Cartoonist Was Fired for Being 'Too Angry' at Trump

(AP Photo/Evan Vucci)

Veteran Pittsburgh Post-Gazette cartoonist Rob Rogers claims he was fired for criticizing Donald Trump. He penned a self-serving, whiny op-ed in Friday’s New York Times, the gist of which is that he was speaking truth to power and his bosses didn’t like it.


I was trained in a tradition in which editorial cartoonists are the live wires of a publication — as one former colleague put it, the “constant irritant.” Our job is to provoke readers in a way words alone can’t. Cartoonists are not illustrators for a publisher’s politics.

When I was hired in 1993, The Post-Gazette was the liberal newspaper in town, but it always prided itself on being a forum for a lot of divergent ideas. The change in the paper did not happen overnight. From what I remember, it started in 2010, with the endorsement of the Republican candidate for Pennsylvania governor, which shocked a majority of our readership. The next big moment happened in late 2015, when my longtime boss, the editorial page editor, took a buyout after the publisher indicated that the paper might endorse Mr. Trump. Then, early this year, we published openly racist editorials.

This is the editorial in the Post-Gazette that Rogers claims is “openly racist”:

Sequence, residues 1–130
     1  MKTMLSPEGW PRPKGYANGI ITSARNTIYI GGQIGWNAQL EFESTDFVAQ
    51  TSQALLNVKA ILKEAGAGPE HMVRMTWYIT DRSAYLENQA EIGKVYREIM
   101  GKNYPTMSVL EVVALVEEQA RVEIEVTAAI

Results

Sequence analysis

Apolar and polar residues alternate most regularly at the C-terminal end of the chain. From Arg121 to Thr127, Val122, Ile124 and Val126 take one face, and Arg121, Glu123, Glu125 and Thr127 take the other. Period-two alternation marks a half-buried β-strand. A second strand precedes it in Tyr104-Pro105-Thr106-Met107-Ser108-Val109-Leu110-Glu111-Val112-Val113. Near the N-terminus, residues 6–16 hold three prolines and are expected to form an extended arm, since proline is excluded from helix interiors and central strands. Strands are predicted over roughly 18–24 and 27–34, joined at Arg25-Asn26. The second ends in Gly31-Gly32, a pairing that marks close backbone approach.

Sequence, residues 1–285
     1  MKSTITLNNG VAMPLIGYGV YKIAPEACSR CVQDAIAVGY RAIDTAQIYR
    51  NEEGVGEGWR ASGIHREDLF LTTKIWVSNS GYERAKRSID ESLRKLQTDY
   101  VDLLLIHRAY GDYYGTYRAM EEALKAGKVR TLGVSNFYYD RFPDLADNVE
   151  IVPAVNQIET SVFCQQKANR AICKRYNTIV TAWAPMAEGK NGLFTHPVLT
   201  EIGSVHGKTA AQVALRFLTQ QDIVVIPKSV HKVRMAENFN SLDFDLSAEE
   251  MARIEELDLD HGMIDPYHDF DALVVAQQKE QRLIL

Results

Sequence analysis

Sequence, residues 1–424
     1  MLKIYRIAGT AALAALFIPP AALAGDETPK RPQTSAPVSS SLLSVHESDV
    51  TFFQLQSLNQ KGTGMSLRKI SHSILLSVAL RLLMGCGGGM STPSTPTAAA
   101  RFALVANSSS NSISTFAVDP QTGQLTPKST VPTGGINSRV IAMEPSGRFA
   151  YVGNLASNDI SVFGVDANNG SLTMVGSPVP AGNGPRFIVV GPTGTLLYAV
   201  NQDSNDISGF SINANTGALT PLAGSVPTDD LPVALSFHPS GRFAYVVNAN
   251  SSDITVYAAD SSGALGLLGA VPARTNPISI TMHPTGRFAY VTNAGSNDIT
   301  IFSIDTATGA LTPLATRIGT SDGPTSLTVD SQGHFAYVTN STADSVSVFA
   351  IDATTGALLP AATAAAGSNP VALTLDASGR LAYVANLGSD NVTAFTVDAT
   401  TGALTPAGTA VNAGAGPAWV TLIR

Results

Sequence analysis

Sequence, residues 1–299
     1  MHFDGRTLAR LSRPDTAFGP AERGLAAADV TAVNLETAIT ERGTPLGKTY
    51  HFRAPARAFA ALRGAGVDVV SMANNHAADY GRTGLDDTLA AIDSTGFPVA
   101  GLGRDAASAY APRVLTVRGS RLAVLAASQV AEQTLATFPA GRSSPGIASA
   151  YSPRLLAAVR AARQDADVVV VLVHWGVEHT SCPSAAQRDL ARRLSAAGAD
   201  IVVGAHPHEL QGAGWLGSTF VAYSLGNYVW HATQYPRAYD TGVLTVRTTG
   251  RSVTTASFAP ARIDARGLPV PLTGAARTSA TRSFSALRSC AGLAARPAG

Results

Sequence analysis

Calling someone a racist is the new McCarthyism. The charge is pernicious. The accuser doesn’t need to prove it. It simply hangs over the accused like a great human stain.

It has become not a descriptive term for a person who believes in the superiority of one race over another, but a term of malice and libel — almost beyond refutation, as the words “communist” or “communist sympathizer” were in the 1950s.

Moreover, the accuser somehow covers himself in an immunity of superiority. If I call you a racist, I probably will not be called one. And, finally, having chosen the ultimate epithet, I have dodged the obligation to converse or build.


Is he aware of the incredible irony? I doubt it.

Perhaps that alone should disqualify him from commenting on politics in any way, including editorial cartoons. But it’s still kind of a free country so he is welcome to his opinions.

He is not, however, owed valuable space in a newspaper to spout hatred of anyone — including the president of the United States. Nor is he guaranteed a job if he is boring, repetitive, and angry.


“He’s just become too angry for his health or for his own good,” John Block, the publisher and editor-in-chief of the Pittsburgh Post-Gazette, told POLITICO in his first interview since the firing earlier this week. “He’s obsessed with Trump.”

The veteran cartoonist, Rob Rogers, disputed Block’s assessment as “completely inaccurate” and claimed that Block was mistaking strong opinion for anger.

Rogers maintained Saturday that he was let go for being too anti-Trump in his cartoons.

Some of his portrayals of Trump go beyond satire and are simply mean. Only the most virulent anti-Trump citizens would find them “funny” and then only in the way it’s “funny” to pull the wings off of flies.


Comedians have the same problem. They have become so strident, so hysterically anti-Trump that they are no longer funny except to a small percentage of their audience. Rogers’ obsession made him predictable and boring — and no publisher should have to employ him on those terms.




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